“A new commandment I give to you, that you love one another: just as I have loved you, you also are to love one another. By this all people will know that you are my disciples, if you have love for one another.” — John 13:34-35
“About 20 years ago, a church member was considered active in the church if he or she attended three times a week. Today, a church member is considered active in the church if he or she attends three times a month.” —Thom S. Rainer
“Do not reduce church to listening to a podcast. It’s so much more than that. It’s community. It’s worshiping with others, praying for others, hurting with others, serving others, being involved in the lives of others.” — Craig Groeschel
There’s a downward trend in church attendance among Christian believers these days. Many point to the busyness of work schedules, children’s sports activities and other competing interests to explain the decline. Still others explain that it’s just easier to stay home and watch a sermon video podcast and put together your own favorite worship song playlist.
Many are asking, “Why do we even need to come to church worship services when we can just stay home, lay in bed and watch the sermon on our TV screens between our socked feet?”
They have a point. If church attendance is just about a passive hearing and watching of sermons and songs, why not stay at home and do it?
But what if coming together is about something more? What if it’s about something a lot more?
Remember Christ’s “new command?” He told his disciples that he had a new command for them, that they love one another just as he had loved them. But what was so “new” about this command? After all, the book of Leviticus already had the “love your neighbor as yourself” (Lev. 19:18) command.
What was new about Christ’s new command? At least two things:
1. New focus. The original command called for love of neighbor, but the new command calls for us to love “one another.” That’s a new focus for loving because as believers, we’re invited into a new community, a new family, with Christ as its Head. We’re to have a special kind of love for other believers because we’re members of God’s family. Jesus said that “all people will know that you are my disciples” by this love for one another.
2. New quality. The former quality of love in the original command was to love your neighbor “as yourself.” But the new quality is to love one another as “Christ has loved us.” The command from Leviticus was based on obedience to God, “I am the Lord.” Now, the new command is based on Christ’s sacrificial love for us. We’re to love one another with Christ’s kind of love.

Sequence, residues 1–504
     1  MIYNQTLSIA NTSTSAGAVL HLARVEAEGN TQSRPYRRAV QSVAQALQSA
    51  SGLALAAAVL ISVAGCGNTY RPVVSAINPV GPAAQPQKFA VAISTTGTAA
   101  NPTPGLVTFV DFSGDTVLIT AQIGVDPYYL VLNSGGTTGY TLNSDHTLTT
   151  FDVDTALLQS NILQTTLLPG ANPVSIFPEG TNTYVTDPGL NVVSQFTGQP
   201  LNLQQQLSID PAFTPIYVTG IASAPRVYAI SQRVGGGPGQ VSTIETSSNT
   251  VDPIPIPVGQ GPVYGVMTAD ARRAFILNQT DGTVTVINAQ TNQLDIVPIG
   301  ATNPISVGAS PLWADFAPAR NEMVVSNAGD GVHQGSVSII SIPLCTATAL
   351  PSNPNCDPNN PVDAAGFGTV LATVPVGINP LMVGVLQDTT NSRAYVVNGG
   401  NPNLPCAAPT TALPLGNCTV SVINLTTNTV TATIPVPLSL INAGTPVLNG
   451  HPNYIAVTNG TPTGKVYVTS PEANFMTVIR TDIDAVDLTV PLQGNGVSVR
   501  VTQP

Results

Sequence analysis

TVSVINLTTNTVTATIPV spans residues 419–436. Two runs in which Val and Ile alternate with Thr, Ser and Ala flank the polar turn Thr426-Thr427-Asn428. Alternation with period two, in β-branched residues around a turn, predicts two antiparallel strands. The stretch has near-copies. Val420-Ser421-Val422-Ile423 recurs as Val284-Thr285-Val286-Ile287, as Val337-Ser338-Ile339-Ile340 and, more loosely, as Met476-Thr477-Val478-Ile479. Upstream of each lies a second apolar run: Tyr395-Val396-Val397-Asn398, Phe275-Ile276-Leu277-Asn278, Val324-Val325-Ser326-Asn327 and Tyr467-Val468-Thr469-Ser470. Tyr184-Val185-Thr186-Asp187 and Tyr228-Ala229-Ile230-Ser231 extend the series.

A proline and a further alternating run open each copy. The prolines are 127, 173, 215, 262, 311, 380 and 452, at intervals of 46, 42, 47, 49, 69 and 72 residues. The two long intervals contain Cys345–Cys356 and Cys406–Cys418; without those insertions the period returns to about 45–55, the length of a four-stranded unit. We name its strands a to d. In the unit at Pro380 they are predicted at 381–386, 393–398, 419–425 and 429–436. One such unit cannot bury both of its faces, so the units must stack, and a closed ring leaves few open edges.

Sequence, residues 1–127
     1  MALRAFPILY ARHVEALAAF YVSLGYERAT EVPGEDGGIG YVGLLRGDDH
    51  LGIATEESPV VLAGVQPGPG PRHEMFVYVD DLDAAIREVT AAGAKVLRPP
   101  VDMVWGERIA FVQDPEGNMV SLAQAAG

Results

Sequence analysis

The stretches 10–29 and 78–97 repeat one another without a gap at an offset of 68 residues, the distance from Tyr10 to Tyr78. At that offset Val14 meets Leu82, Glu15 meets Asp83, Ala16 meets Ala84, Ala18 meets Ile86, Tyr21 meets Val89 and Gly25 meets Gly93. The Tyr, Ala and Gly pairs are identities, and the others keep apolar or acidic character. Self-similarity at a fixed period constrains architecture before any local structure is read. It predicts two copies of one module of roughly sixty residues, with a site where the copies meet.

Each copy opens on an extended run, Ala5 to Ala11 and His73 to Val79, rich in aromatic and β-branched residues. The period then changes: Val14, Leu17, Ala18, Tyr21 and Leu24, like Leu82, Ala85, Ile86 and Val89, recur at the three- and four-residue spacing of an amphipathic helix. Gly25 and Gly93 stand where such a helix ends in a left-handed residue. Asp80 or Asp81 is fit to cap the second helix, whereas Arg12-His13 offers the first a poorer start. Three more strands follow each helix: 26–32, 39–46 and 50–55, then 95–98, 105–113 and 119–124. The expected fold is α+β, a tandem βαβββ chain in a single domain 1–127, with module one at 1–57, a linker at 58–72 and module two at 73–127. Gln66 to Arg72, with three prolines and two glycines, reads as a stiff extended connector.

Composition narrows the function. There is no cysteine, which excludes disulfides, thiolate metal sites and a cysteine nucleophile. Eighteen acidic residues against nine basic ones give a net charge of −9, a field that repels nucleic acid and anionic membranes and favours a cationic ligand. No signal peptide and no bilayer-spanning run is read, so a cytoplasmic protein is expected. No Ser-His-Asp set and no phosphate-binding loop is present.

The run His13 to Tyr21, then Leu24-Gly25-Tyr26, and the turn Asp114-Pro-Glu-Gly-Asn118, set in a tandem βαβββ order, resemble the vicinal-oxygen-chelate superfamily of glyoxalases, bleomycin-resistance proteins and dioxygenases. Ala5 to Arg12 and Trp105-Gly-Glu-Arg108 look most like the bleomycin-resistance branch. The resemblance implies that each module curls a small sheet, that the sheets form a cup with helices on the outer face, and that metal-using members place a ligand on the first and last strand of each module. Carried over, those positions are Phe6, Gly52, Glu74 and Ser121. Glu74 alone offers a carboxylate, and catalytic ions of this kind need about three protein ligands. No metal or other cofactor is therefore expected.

A survey of the New Testament shows that this new command from Jesus inspired a whole plethora of “one another” commands to help explain its implications. One Bible commentator counted 56 “one another” commands in the New Testament. What does it look like to love one another as Christ has loved us? Consider these other “one another” commands:
- “Live in harmony with one another . . .” (Rom. 12:16).
- “Therefore welcome one another as Christ has welcomed you . . .” (Rom. 15:7).
- “… comfort one another, agree with one another, live in peace . . .” (2 Cor. 13:11).
- “. . . through love serve one another” (Gal. 5:13).
- “Be kind to one another, tenderhearted, forgiving one another, as God in Christ forgave you” (Eph. 4:32).
- “Therefore encourage one another and build one another up . . .” (1 Thess. 5:11).
- “Therefore, confess your sins to one another and pray for one another . . .” (James 5:16).
- “. . . love one another earnestly from a pure heart” (1 Peter 1:22).
- “Show hospitality to one another without grumbling” (1 Peter 4:9).
When we look at all the “one anothers” in the Bible, we have to admit that they can’t be done at home alone. Perhaps thats why the author of Hebrews wrote this “one another” command, “And let us consider how to stir up one another to love and good works, not neglecting to meet together, as is the habit of some, but encouraging one another, and all the more as you see the Day drawing near” (Heb. 10:24-25).
The Bible makes it clear that you can’t do the “one anothers” without coming together with one another.
See you this Sunday?